While the offseason has been historically slow and the winter has crawled along at an even slower pace, we at Did The Tribe Win Last Night look ahead to the warmer days of the 2018 season by remembering Tribe players past and present.
Countdown to Opening Day – 48 days
He may not have been one of the best to wear 48 in Cleveland, but Travis Hafner was one of the better sluggers in the history of baseball to have the number on his back.
Sam McDowell may hold the honor of being the best pitcher and player to wear 48 in Indians history, but Hafner easily claims that title from the offensive side of the game. McDowell began his big league career as a number 17, then a 34, before settling in to the 48 for the remainder of his time with the Indians before he was traded to the San Francisco Giants following the 1971 season.
The Indians’ long-time designated hitter Hafner was part of one of the better thefts in club history, as the team picked him off from the Texas Rangers in a low-cost trade that gave the Tribe a dangerous power-hitting weapon in the middle of their lineup for the better part of his decade in a Cleveland uniform, serving as a suitable replacement for another left-handed slugger, Hall of Famer Jim Thome, who left the club following the 2002 season.
After several years of being snubbed, and nearly falling short of the American League All-Star team for a third straight year this season (despite statistically deserving consideration), Corey Kluber will finally make his long anticipated debut in the Midsummer Classic on Tuesday night when the AL team takes on the National League squad from Petco Park in San Diego, California.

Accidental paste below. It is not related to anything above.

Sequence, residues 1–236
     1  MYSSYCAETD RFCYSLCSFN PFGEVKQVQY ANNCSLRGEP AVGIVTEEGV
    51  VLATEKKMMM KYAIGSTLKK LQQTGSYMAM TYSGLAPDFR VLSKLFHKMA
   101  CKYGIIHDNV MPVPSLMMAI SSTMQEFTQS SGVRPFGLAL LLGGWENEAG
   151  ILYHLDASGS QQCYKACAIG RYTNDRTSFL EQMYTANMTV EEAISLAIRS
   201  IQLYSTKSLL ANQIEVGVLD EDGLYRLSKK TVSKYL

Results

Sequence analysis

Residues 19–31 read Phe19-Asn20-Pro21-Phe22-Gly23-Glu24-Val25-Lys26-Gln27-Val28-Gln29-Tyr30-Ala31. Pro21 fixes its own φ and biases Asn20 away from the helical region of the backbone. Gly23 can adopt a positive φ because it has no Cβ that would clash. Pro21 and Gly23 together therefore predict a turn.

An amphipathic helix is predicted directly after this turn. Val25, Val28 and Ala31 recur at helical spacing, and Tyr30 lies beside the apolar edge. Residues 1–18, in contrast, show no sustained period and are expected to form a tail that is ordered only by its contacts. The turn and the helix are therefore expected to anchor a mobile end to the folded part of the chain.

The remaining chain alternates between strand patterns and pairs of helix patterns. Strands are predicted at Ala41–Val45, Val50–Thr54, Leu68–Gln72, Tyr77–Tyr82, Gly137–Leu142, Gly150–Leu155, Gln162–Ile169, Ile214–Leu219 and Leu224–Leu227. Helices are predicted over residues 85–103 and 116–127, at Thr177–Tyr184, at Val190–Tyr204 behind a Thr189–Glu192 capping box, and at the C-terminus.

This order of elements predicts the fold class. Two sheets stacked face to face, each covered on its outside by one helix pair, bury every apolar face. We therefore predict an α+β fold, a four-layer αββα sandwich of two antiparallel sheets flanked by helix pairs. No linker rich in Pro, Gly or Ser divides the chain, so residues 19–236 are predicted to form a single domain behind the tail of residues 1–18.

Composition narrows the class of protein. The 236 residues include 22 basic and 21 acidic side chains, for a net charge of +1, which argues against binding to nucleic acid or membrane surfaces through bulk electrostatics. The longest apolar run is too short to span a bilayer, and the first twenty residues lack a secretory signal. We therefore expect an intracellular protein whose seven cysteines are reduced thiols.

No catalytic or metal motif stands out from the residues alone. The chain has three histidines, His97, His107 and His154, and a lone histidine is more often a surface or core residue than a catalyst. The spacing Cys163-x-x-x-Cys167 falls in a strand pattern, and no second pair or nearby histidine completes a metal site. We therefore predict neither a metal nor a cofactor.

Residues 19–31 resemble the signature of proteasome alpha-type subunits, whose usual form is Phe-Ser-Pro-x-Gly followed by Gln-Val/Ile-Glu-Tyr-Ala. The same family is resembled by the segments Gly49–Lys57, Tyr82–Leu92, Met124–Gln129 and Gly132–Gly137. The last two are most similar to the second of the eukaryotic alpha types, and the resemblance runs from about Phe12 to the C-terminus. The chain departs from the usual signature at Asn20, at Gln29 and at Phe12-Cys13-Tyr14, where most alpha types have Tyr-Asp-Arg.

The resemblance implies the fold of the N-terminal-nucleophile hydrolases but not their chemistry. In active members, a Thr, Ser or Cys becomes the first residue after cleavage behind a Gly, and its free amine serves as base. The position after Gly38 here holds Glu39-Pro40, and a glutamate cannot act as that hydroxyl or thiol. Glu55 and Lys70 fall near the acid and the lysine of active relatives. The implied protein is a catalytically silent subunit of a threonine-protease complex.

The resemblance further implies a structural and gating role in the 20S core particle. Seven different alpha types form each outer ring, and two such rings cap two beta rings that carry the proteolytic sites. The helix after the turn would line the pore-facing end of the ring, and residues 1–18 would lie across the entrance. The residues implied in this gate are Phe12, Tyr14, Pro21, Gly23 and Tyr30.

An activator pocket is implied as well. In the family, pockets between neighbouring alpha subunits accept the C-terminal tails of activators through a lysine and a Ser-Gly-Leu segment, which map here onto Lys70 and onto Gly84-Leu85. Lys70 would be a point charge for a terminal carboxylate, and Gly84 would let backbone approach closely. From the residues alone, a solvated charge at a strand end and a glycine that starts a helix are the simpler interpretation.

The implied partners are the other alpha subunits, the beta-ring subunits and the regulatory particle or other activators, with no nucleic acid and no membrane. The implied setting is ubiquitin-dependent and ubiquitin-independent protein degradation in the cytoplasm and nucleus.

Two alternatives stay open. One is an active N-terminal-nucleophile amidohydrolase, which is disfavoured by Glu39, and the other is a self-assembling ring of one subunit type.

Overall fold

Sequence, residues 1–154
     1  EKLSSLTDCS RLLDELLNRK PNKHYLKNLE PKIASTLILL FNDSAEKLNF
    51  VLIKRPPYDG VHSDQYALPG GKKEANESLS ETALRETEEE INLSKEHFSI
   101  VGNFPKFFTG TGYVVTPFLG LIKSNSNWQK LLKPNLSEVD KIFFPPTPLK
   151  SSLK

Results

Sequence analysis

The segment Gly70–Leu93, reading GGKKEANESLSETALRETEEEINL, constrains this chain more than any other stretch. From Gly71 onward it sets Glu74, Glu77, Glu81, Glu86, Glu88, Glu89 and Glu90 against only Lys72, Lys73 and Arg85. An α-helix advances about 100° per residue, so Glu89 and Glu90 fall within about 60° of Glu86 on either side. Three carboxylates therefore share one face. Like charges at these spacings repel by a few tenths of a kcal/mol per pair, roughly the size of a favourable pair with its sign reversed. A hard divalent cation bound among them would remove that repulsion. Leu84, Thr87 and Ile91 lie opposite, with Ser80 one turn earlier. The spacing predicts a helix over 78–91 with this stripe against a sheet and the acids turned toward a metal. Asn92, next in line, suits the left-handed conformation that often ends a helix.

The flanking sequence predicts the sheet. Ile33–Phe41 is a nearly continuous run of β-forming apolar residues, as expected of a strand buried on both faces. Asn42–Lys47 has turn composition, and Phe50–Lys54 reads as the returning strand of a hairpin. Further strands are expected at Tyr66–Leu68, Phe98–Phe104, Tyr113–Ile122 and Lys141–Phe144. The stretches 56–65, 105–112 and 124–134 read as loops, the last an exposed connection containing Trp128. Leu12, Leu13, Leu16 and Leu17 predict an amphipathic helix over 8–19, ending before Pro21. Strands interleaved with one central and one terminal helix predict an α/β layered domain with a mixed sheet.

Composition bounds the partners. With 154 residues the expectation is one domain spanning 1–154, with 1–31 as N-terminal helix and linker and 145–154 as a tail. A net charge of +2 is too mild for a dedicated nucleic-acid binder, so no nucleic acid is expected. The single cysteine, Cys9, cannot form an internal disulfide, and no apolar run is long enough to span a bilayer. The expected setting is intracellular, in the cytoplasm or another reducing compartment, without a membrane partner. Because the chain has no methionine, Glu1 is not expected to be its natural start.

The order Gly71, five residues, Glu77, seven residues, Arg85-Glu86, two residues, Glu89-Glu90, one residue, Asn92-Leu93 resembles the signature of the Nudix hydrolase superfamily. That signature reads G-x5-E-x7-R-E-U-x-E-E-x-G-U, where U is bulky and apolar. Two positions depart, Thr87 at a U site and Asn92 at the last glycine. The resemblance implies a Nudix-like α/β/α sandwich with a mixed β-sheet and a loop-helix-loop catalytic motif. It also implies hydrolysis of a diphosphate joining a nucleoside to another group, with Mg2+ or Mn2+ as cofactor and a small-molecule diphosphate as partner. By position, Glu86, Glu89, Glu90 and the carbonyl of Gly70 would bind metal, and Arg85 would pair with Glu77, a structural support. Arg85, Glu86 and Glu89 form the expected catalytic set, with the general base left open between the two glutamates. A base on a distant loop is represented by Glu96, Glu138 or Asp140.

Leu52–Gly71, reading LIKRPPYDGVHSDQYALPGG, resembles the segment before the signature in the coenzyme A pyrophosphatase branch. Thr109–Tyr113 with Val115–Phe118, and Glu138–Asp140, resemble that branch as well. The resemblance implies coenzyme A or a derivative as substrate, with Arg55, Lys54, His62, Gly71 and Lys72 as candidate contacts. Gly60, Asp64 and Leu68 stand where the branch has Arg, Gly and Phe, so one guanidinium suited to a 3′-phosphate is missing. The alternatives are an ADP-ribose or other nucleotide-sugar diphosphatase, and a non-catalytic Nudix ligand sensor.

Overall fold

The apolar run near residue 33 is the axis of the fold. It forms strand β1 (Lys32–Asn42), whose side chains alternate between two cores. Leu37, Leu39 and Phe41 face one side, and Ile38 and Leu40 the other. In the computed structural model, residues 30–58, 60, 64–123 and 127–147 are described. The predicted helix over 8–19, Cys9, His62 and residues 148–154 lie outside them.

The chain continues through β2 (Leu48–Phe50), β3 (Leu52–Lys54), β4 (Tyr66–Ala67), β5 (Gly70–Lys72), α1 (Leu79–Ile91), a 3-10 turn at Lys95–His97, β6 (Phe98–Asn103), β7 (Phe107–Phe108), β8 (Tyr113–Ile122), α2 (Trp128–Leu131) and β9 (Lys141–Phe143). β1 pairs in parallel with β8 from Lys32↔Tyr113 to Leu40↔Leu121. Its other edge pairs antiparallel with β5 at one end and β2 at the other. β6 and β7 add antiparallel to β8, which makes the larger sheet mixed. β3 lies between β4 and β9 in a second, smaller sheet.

The 2014 Cy Young winner nearly missed the game altogether after failing to make the initial roster. An injury to Toronto Blue Jays starting pitcher Marco Estrada got him a ticket to the game and AL manager Ned Yost has tabbed Kluber to take the mound second as the league looks to lock up home field advantage in the World Series.
His fellow starting rotation member, Danny Salazar, was selected to the team last Tuesday, but he has since bowed out of the game to rest his sore right elbow and was replaced by Chicago left-hander Jose Quintana. Indians teammate Francisco Lindor will come off of the bench for the AL at some point in the contest.
The All-Star honors were the first in the careers of all three Indians players.
The Giants were coming off a division title, and needed to upgrade its pitching staff. McDowell, who had pitched his entire career in the American League at that point, would serve as a perfect complement for Juan Marichal. Perry, a solid pitcher (who even then had a reputation as a spitballer) who ate innings, was four years older than McDowell, and to sweeten the deal, the Giants threw in shortstop Frank Duffy.
Cleveland and San Francisco agree to a blockbuster trade, as the Indians acquire Gaylord Perry and shortstop Frank Duffy for young left-hander Sam McDowell.
McDowell, the tall and lanky lefty, is entering the prime of his career. The 29-year-old was …
He had a wicked fastball, a catchy nickname and a career waylaid by alcoholism. This should sound familiar to anyone who’s ever watched an episode of “Cheers,” and the adventures of fictional Red Sox pitcher Sam “Mayday” Malone.
But the inspiration for Sam Malone was Indians pitcher “Sudden Sam” McDowell.
McDowell was signed out of Pittsburgh Central Catholic High School (whose famous athletic alumni include Dan Marino) for a whopping $85,000 bonus in 1960. He was already being touted as the next Bob Feller.